This disease was formerly very prevalent among seamen, but now little known in the British navy, from the improvements in medicine, the great attention of our medical officers, and the wholesome regulations introduced by the naval officers in our ships war.
A proposition has been submitted to the French government by Citizen Rivoire, of the marine, to contribute to the health of their seamen, by diminishing the quantity of salted meats used at sea, and rescuing the men in a certain degree from the ravages of the scurvy. The government had so far given sanction to the plan, which the inventor asserts to be tried efficacy, as to insert it in the official paper, the Redacteur, of the 10th of August, 1799.
"Salted meats," says Citizen Rivoire, "form the general food of persons at sea, and, however carefully they may be prepared, the use of them is at all times pernicious. When vessels are a long time at sea without putting into any port, the scurvy is found to rage among the crews, and in a manner the more dangerous, as the means of cure are slow and uncertain. The following is the, process which Citizen Rivoire employed, which he says is the result of many experiments, with which he had every reason to be satisfied:
"It will be necessary in the naval slaughter-houses, to select the most fleshy parts; the four quarters, for instance, of the beeves which are killed for their daily consumption, which of course must then be doubled. The muscles being cleared of the surrounding fat, are to be cut in large slices perpendicularly, according to the direction of the fibres. These slices are to be exposed to the heat of the ovens in which the bread and biscuit are baked for the use of the navy, when they are at the heat of fifty degrees by the thermometer of Reaumur, and to remain there until the ovens be cold: and opening should be left for the evaporation of the moisture.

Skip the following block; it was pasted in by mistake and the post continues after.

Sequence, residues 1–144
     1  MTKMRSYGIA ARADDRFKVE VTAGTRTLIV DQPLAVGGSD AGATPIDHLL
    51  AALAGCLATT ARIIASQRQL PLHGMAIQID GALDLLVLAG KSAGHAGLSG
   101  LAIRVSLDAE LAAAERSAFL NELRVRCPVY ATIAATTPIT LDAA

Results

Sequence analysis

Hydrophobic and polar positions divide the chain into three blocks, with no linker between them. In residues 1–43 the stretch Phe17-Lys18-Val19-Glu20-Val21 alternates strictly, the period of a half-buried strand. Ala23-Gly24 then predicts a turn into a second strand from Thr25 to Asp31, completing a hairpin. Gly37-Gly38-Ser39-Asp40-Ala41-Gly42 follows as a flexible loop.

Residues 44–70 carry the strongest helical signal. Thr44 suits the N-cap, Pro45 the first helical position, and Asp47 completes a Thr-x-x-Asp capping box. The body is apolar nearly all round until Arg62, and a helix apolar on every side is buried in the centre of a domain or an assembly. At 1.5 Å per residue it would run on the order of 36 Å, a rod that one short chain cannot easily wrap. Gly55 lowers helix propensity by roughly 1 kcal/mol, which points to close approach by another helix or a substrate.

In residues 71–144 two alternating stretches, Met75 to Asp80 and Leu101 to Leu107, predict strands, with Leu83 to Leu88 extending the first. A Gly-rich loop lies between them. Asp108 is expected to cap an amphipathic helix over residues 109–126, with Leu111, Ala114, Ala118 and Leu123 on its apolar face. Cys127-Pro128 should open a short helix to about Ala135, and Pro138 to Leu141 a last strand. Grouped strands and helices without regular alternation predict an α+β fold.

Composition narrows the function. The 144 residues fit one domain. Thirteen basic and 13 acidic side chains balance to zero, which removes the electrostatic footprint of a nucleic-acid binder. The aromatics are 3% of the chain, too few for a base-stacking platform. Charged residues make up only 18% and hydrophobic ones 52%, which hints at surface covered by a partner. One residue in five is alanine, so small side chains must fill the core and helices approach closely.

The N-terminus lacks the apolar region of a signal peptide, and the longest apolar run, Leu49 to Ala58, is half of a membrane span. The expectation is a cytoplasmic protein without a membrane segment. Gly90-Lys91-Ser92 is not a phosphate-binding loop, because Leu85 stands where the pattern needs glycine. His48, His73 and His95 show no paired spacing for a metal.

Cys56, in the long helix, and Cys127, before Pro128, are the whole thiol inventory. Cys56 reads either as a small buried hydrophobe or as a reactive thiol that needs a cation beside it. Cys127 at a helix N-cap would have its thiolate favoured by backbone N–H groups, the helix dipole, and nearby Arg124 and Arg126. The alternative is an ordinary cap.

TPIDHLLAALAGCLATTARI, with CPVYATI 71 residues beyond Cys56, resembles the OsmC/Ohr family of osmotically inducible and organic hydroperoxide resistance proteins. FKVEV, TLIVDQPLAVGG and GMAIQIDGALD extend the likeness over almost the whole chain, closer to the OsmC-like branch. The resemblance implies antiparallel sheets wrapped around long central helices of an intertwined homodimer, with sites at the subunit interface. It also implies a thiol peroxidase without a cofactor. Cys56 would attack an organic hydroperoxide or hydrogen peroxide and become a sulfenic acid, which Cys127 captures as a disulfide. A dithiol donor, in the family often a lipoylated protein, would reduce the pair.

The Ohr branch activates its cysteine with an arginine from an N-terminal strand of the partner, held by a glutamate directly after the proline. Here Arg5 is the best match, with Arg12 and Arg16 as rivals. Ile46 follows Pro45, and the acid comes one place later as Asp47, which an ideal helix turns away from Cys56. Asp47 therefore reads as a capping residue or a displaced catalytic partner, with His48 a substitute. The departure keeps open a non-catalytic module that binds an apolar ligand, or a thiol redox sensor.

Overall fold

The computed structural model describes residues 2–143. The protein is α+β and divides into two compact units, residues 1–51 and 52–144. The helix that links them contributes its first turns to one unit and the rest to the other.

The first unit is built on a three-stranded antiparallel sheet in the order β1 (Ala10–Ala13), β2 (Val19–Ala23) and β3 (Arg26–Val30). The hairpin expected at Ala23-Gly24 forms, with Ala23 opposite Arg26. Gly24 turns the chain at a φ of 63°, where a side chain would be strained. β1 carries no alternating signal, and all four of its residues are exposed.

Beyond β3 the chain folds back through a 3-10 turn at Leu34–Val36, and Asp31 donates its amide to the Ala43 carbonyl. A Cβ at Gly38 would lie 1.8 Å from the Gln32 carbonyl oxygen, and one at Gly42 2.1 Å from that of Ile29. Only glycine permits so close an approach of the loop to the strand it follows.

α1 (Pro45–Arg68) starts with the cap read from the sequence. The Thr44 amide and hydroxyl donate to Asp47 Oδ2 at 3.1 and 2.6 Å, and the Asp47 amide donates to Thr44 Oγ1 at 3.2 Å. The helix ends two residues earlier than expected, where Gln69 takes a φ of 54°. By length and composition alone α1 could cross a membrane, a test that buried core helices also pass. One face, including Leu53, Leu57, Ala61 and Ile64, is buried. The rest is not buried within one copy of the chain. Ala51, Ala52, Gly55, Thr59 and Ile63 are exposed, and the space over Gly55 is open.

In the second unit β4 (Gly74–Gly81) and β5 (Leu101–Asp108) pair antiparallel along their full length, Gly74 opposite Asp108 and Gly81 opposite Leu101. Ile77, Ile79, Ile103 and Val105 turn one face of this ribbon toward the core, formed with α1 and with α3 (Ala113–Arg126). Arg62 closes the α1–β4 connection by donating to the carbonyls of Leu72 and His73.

"The same operation is to be repeated, taking care to turn the larger slices until they are entirely dried, and of an horney but friable, consistence.
"On the other hand, it will be necessary to melt the fat which has been taken away with the suet of the cattle, and to purify the whole by means of salt and boiling water; but, in the fat thus purified, care must be taken that no moisture remain; and it would also be of advantage, if some aromatic herbs were employed in this part of the process. Every thing being thus prepared, a number of casks should be ready: those which have served for the conveyance of sweet oil are most suited for the purpose; the slices of dried meat are in these to be placed in layers, and the melted fat, not being too hot, is to be poured upon them. The casks are then to be headed, taking care that no vacant spaces are left, and both ends are immediately to be calked."
This process is very simple, and by no means expensive, being executed with precision, has the advantage of securing an agreeable food, of preserving the health of the sailors, and of containing a double quantity of provisions in the same space that would be occupied by meat salted in the ordinary manner.
The provisions being reduced into a small compass, a smaller quantity may of course be given.
The fat of the beef being purified with care, may serve to season the roots and greens, and to enrich the soup of the crews.
The process is to be exactly the same with respect to mutton; and where this is not dearer than beef, such a quantity may be laid in as to preclude entirely the necessity of using salted provisions. See Naval Chronicle, Vol. II.
Transcribed by Lars Bruzelius
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